•  Evaluating the impact of the Munich Pact and the failed British policy of appeasement resulting in the invasion of Poland
Subject: Social Studies (9 - 11)
Title: Who Started World War I/Crash Course World History
URL: https://aptv.pbslearningmedia.org/resource/4471f4bf-9e53-46d1-9ddf-7b3cdcc6942c/who-started-world-war-i-crash-course-world-history-210/
Description:

Join host John Green to learn about the reasons World War I started and why the situation is so complicated. We'll try to get to the bottom of the confusion. However, it's very hard to assign blame to any one of the nations involved. Did the fault lie with Austria-Hungary? Germany? Russia? Julius Caesar? Join us for an interesting discussion in this episode of Crash Course.

**Sensitive: This resource contains material that may be sensitive for some students. Teachers should exercise discretion in evaluating whether this resource is suitable for their class.



   View Standards     Standard(s): [SS2010] WH9 (9) 12 :
12 ) Explain causes and consequences of World War I, including imperialism, militarism, nationalism, and the alliance system.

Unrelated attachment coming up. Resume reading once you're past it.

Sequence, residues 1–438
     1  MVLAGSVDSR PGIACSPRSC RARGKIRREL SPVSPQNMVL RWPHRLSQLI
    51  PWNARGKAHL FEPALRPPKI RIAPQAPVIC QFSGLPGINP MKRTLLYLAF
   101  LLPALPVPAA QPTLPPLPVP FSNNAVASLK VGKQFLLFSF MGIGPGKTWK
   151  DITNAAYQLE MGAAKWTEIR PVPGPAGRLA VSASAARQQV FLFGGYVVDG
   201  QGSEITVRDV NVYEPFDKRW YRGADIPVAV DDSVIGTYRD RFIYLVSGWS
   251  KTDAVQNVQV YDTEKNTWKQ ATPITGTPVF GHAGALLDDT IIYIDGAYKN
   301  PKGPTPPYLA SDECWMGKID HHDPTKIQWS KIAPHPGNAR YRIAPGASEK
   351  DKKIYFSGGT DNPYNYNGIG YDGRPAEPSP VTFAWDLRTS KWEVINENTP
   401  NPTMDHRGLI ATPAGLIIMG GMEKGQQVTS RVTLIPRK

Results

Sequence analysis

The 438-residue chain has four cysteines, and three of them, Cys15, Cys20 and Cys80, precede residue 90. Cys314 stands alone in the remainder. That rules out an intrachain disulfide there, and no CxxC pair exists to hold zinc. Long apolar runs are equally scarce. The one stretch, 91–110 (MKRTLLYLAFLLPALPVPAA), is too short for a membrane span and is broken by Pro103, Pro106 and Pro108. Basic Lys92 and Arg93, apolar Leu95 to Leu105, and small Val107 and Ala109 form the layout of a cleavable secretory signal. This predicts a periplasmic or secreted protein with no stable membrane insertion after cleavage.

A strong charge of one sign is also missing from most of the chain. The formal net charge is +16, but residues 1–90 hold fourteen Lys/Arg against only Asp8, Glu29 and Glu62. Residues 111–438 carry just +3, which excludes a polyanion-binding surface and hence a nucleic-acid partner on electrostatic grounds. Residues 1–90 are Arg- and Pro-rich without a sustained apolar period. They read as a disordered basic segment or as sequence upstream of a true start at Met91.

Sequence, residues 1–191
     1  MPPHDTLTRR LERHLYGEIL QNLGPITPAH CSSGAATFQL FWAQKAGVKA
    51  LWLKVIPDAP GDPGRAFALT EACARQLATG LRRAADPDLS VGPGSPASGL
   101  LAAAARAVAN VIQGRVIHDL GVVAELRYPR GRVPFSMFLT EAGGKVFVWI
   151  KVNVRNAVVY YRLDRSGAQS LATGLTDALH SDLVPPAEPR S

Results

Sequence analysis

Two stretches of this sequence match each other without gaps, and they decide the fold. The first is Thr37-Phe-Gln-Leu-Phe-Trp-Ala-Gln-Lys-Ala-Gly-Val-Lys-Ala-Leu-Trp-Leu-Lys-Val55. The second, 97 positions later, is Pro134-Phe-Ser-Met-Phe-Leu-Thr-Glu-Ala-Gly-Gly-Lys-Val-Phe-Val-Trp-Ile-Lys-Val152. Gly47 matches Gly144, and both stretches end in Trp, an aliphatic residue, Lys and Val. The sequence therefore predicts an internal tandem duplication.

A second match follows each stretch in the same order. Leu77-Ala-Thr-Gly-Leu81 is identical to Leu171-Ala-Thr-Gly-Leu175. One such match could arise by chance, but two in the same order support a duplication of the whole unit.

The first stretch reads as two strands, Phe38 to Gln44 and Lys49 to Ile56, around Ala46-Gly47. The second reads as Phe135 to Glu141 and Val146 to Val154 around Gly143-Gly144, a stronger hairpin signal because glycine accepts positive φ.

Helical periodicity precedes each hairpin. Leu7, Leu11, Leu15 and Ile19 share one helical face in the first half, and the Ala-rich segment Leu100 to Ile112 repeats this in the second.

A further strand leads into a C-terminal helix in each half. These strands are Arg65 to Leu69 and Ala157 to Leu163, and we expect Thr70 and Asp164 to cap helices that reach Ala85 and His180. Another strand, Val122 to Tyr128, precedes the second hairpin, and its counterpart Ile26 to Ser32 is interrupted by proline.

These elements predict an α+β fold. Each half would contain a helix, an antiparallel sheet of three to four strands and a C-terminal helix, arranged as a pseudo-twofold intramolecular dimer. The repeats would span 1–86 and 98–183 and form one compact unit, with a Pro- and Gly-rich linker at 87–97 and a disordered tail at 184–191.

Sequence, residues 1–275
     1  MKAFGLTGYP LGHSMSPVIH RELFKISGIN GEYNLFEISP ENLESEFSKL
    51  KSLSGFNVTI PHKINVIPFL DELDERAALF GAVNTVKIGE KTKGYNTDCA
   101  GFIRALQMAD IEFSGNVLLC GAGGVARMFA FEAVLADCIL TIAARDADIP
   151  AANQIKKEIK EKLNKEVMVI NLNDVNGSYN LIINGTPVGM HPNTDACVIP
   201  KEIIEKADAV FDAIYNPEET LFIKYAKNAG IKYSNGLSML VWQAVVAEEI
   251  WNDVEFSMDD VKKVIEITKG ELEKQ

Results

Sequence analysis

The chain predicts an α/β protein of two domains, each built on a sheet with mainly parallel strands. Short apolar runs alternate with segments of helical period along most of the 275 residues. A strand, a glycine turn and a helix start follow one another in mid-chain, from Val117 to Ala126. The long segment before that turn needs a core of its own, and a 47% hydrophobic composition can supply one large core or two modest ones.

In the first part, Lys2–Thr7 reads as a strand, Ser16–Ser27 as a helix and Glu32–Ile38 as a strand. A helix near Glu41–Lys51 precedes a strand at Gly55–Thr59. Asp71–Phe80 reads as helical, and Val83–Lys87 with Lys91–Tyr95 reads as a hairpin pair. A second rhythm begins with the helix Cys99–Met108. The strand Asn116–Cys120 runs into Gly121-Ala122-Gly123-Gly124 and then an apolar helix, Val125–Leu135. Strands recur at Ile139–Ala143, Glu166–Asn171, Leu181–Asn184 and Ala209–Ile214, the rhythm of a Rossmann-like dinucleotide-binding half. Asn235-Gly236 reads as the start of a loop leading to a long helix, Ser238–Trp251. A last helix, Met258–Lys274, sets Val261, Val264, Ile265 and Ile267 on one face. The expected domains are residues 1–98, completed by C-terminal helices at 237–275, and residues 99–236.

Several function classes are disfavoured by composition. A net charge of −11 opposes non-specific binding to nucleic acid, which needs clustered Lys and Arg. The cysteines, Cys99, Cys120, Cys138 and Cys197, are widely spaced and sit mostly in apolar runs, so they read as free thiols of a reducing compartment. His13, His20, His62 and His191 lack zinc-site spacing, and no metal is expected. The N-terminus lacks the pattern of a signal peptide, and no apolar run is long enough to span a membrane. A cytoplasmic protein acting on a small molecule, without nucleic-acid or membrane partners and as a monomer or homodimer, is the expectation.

•  Describing the rise of Communism in Russia during World War I
Examples: return of Vladimir Lenin, rise of the Bolsheviks

•  Describing military technology used during World War I
•  Identifying problems created by the Treaty of Versailles of 1919
Examples: Germany's reparations and war guilt, international controversy over the League of Nations

•  Identifying alliances during World War I and boundary changes after World War I
[SS2010] US11 (11) 4 :
4 ) Describe causes, events, and the impact of military involvement of the United States in World War I, including mobilization and economic and political changes. [A.1.a., A.1.b., A.1.d., A.1.f., A.1.i., A.1.j., A.1.k.]

•  Identifying the role of militarism, alliances, imperialism, and nationalism in World War I
•  Explaining controversies over the Treaty of Versailles of 1919, Woodrow Wilson's Fourteen Points, and the League of Nations
•  Explaining how the Treaty of Versailles led to worsening economic and political conditions in Europe, including greater opportunities for the rise of fascist states in Germany, Italy, and Spain
•  Comparing short- and long-term effects of changing boundaries in pre- and post-World War I in Europe and the Middle East, leading to the creation of new countries
[SS2010] US11 (11) 8 :
8 ) Summarize events leading to World War II, including the militarization of the Rhineland, Germany's seizure of Austria and Czechoslovakia, Japan's invasion of China, and the Rape of Nanjing. [A.1.b., A.1.c., A.1.d., A.1.e., A.1.g., A.1.i., A.1.k.]